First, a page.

Being a Scot I have been enthused by the recent press coverage granted to the proposed referendum on independence. Naturally, one cannot help but become caught up in the emotion of it all, and feel the surge of almost nostalgic pride for Scotland. Putting emotions aside it seems clear that this peaceful push for independence, whilst perhaps a reasonable model, lacks coherence and legitimacy. The current referendum proposal lacks substance and has potential to be divisive to the entire Scottish community. I do not suggest that Scots should be denied the right to Walzerian self-determination, but believe the present proposal goes some way to denying such a right.
The proposal put forward by the Scottish Government makes for an interesting read to those Scots who do not presently reside in their ancestral homeland. While the SNP claim that they are driven by a democratic desire to enable Scots to have the power of self-determination, the proposal smacks of political manoeuvring that will exclude a large section of Scottish society. It may be electorally functional to maintain the same electorate as was eligible to vote in previous Scottish elections, but this has bizarre consequences. The criteria for eligibility to vote entitles EU citizens to vote in the referendum provided they have resided in Scotland for a sufficient period of time and are enrolled on the electoral register. Such criteria enables a German colleague of mine to vote on the future of Scotland whilst not having firm intentions to stay. Scots who have chosen to pursue Higher Education in England, however, will not be eligible to vote should they be registered in their university town (the author being case in point). This is a strange form of democracy that dilutes the notion of self-determination by excluding members of the particular national group seeking self-determination, whilst affording voting rights to those who are only temporary residents. This is particularly potent when considering those who have enrolled in full-time higher education outside of Scotland are excluded, whilst there are those residing in Scotland for the purpose of education alone are eligible to vote.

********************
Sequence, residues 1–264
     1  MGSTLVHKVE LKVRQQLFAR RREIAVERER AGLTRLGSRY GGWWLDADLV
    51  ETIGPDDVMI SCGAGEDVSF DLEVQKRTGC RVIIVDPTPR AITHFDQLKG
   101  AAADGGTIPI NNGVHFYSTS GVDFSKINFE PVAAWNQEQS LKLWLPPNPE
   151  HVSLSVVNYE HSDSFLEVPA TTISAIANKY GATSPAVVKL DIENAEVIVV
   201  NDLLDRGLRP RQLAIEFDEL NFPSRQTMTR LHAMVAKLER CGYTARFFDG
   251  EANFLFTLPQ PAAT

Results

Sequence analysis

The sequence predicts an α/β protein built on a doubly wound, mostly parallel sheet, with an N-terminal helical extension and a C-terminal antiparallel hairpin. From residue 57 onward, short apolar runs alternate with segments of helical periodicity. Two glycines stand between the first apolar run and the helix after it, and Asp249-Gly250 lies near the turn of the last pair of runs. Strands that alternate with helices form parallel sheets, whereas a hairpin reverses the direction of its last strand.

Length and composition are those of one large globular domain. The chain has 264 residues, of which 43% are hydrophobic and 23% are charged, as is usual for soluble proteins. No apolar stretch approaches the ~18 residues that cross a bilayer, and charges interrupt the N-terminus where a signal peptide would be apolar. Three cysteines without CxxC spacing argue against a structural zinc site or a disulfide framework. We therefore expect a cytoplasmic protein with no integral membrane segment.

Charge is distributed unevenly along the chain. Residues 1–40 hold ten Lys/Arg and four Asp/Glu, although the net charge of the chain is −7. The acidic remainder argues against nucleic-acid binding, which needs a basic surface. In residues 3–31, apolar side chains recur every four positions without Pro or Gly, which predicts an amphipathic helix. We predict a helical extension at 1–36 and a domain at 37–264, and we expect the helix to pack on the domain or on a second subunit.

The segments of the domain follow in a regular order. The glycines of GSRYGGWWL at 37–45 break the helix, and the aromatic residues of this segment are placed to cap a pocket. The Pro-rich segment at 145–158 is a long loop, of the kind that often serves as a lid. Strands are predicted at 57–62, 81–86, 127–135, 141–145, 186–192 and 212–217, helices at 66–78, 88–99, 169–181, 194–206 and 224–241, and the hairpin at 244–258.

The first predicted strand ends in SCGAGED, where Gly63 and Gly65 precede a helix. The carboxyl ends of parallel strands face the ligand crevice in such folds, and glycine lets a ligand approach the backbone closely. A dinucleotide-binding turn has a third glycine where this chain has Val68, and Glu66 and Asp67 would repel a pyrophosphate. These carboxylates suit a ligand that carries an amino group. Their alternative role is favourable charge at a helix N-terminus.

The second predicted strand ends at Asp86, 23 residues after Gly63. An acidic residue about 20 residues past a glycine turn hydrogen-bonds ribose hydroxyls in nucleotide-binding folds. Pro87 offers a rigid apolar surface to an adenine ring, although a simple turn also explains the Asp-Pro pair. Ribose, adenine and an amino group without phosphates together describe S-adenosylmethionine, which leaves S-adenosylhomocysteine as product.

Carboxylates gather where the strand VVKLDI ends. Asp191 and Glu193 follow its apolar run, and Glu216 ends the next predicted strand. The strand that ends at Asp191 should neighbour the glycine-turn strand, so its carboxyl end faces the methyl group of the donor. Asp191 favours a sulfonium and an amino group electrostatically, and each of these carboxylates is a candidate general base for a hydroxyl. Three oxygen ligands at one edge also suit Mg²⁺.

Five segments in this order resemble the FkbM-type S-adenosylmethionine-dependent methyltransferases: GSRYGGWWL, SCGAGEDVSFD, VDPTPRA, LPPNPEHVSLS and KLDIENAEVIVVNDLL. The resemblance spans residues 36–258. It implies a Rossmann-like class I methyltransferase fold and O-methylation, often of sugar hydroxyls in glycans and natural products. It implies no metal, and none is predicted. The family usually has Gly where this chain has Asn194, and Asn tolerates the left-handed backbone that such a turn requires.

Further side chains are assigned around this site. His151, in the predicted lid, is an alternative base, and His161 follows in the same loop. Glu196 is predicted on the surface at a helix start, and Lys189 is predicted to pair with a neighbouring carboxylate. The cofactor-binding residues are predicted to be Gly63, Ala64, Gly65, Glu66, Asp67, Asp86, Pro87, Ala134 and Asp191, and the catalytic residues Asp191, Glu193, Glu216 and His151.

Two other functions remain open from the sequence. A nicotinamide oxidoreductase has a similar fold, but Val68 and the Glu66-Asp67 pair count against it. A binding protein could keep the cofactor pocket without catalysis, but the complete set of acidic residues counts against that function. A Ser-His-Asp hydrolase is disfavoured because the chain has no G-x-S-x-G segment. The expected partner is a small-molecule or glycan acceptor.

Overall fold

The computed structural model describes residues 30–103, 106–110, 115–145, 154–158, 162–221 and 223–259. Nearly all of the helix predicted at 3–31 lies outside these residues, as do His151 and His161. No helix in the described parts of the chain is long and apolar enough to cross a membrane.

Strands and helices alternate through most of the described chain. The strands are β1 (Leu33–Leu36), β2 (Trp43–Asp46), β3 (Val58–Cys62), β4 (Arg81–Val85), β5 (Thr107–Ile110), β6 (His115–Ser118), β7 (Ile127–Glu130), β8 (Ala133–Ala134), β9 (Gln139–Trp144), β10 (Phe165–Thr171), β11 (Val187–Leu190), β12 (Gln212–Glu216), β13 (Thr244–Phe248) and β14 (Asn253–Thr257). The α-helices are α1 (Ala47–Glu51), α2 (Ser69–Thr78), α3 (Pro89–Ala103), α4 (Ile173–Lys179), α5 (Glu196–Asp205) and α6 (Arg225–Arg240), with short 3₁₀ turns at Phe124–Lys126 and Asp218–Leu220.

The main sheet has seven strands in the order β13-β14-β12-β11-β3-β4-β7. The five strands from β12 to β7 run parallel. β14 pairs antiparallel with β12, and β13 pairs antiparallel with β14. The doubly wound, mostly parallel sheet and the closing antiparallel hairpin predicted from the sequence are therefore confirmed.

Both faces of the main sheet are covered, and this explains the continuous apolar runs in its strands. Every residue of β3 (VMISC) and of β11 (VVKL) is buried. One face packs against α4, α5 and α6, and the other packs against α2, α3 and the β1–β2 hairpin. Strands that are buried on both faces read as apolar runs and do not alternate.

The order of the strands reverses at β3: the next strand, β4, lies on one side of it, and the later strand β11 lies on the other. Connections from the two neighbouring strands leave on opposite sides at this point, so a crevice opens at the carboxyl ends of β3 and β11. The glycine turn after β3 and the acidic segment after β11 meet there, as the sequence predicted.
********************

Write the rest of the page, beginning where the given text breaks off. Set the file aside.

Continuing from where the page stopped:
The proposal also seeks to extend the vote to those aged 16 and 17. While there have been long-standing debates over the extension of the franchise, it seems baffling to those who do not presently reside within the borders of their homeland that people deemed too young to be able to judge the hazards of alcohol or tobacco are eligible to determine whether said land should sever itself from the rest of the UK. The entire proposal is politically insensitive and reflects the populist posturing of the current Scottish Government – extending the franchise to 16 and 17 year-olds is in itself a political act that could win favour for the pro-independence camp. This brings into question the fairness of such a referendum. While the content of the proposal itself remains questionable the debate over the implications of independence cannot truly be considered.
Where self-determination is concerned it seems clear that the current proposal has potential to exclude vast swathes of Scots who have a vested interest in the future of their nation. While the current rules regarding the referendum are questionable, the peaceful route taken to secure secession is most definitely something that represents the views of all Scots. The question now turns towards the EU – will a Scotland under the EU be any different to Scotland under Westminster? It is too soon to tell what the implications for Scotland would be, but also what the implications will be for the EU as a whole, given the secessionist movements in the Basque territories and in Cataluña.
For more information on the debate see the Guardian.
Or for more on the discussion on ex-pats’ voting rights see the Scotsman.